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TALLAHASSEE (CBSMiami/NSF) — Calling the Biden administration’s actions “reckless,” Florida Attorney General Ashley Moody has filed a lawsuit challenging a federal requirement that workers at hospitals, nursing homes and other health-care providers be vaccinated against COVID-19.

Moody, in filings Wednesday in federal court in Pensacola, asked a judge to issue an injunction or temporary restraining order that would block the requirement before Dec. 6. Under the federal regulation, health-care workers are required to receive at least one dose of COVID-19 vaccine by that day.

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The lawsuit came after Florida also challenged other vaccination mandates issued by the Biden administration — and was filed the same day that the Republican-controlled Legislature passed a law designed to block such mandates.

The health-care regulation applies to workers at hospitals, nursing homes and other providers that participate in the Medicare and Medicaid programs. Lawyers in Moody’s office wrote that the vaccination requirement would exacerbate staffing problems in the health-care industry.

“For a myriad of reasons, many health care workers in Florida will refuse the vaccine and be forced into unemployment, triggering a cascade of harmful effects across the state,” one of the court documents said. “Health care staffing rates will plummet, especially in rural areas. Florida will struggle to care for its disabled; its veterans will find it harder to obtain admission to nursing homes; prisoners will face delays in obtaining emergency medical services; the mentally incompetent will spend more time in jail as treatment facilities work through the backlog; and the sick and vulnerable will receive inferior care.”

But in announcing the regulation Nov. 4, the federal Centers for Medicare & Medicaid Services said it would protect health-care workers and patients as the COVID-19 pandemic continues.

“Ensuring patient safety and protection from COVID-19 has been the focus of our efforts in combating the pandemic and the constantly evolving challenges we’re seeing,” Chiquita Brooks-LaSure, administrator of the federal agency, said in a prepared statement at the time “Today’s action addresses the risk of unvaccinated health care staff to patient safety and provides stability and uniformity across the nation’s health care system to strengthen the health of people and the providers who care for them.”

The lawsuit is at least the second challenge launched by states to the health-care vaccination requirement. Missouri, Nebraska, Arkansas, Kansas, Iowa, Wyoming, Alaska, South Dakota, North Dakota and New Hampshire joined together Nov. 10 to file a lawsuit in federal court in Missouri. That case remains pending.

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Under the requirement, millions of health-care workers would need to be fully vaccinated by Jan. 4. It includes limited exemptions for medical and religious reasons.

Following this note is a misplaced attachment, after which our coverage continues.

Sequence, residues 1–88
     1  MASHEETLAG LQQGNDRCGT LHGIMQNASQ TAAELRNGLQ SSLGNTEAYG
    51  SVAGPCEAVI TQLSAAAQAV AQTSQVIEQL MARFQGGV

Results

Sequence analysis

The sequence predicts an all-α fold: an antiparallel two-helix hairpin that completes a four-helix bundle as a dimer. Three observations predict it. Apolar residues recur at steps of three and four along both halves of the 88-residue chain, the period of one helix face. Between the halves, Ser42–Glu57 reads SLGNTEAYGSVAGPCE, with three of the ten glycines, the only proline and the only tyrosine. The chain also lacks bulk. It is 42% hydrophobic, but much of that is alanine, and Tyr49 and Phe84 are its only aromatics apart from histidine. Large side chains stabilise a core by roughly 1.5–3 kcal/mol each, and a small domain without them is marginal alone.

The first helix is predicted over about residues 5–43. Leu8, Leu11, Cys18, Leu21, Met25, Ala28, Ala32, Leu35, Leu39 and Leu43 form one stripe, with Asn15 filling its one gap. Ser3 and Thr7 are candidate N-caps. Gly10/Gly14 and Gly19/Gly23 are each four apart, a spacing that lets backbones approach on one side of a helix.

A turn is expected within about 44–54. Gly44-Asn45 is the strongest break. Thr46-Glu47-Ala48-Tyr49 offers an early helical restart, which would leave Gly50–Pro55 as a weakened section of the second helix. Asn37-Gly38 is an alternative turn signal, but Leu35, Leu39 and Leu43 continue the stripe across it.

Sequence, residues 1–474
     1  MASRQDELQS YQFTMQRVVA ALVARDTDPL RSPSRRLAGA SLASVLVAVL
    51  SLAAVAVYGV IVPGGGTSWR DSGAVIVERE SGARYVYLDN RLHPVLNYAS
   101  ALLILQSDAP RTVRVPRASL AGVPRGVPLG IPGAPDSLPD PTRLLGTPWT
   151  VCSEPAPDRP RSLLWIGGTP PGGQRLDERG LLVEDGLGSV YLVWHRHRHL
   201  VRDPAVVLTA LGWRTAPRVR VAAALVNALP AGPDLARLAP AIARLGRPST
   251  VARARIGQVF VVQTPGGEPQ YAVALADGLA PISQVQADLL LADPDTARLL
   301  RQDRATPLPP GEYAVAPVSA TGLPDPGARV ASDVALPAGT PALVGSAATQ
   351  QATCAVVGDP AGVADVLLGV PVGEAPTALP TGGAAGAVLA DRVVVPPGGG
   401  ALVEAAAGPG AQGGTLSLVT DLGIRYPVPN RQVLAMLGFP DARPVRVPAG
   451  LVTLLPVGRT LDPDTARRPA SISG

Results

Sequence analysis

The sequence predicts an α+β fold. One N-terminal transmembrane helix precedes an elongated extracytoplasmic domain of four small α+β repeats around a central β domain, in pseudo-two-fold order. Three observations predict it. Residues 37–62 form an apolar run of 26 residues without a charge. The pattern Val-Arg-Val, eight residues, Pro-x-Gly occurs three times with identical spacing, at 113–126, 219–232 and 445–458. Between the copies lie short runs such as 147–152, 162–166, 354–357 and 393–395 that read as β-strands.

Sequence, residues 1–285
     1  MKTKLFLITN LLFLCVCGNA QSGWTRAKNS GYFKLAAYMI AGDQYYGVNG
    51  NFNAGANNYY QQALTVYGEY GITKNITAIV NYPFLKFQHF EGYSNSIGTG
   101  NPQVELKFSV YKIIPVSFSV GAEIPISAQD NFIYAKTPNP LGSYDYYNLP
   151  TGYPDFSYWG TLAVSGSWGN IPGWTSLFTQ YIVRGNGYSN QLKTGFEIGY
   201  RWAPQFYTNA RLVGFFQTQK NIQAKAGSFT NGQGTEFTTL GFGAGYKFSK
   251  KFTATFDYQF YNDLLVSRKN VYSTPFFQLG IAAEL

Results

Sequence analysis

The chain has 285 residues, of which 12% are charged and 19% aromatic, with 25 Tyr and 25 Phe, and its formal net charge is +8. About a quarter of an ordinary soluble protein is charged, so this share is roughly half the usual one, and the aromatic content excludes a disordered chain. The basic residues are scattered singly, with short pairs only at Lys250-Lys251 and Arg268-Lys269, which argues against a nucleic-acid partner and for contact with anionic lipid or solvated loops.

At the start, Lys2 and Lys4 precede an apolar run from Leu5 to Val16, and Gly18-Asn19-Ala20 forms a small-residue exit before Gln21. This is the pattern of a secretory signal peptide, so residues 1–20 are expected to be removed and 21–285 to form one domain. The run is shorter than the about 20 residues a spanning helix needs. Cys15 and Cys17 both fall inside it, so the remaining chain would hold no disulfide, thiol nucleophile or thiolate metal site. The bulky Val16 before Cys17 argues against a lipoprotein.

Moody’s lawsuit alleges, in part, that the federal agency known as CMS overstepped its legal authority in issuing the requirement and did not follow proper procedures, such as consulting with states and providing notice. Also, it contends that the requirement is “arbitrary and capricious.” Much of the lawsuit is based on alleged violations of the federal Administrative Procedure Act.

“To start, CMS lacks the power to issue an industry-wide vaccination mandate,” the lawsuit said. “The statutes it relies on do not provide it such sweeping authority. In fact, CMS is forbidden from exerting this level of control over the health care industry.”

While the requirement would apply to hundreds of Florida hospitals, private nursing homes and other health-care providers that rely on Medicare and Medicaid money, the lawsuit said it also could affect state-run facilities such as veterans’ nursing homes.

“Resulting staff shortages pose two problems for Florida. First, facilities would be forced to turn to private contractors to fill staffing gaps at a much higher cost,” one of the court documents said. “Second, if facilities were unable to curb the staffing shortage, they would be unable to provide the same level of care. Florida’s Department of Veterans’ Affairs, for instance, may need to reduce occupancy at its facilities, forcing veterans onto a waiting list for critical services.”

Florida also has filed lawsuits challenging Biden administration vaccination requirements for employees of federal contractors and employees of businesses with 100 or more workers. The federal Occupational Safety and Health Administration announced Wednesday that the requirement for businesses with 100 or more workers is on hold while legal challenges play out.

During a special legislative session, state lawmakers on Wednesday approved providing $5 million that Moody’s office could use, at least in part, to fight federal vaccination mandates. Gov. Ron DeSantis on Thursday signed a bill (HB 1B) that includes the money.

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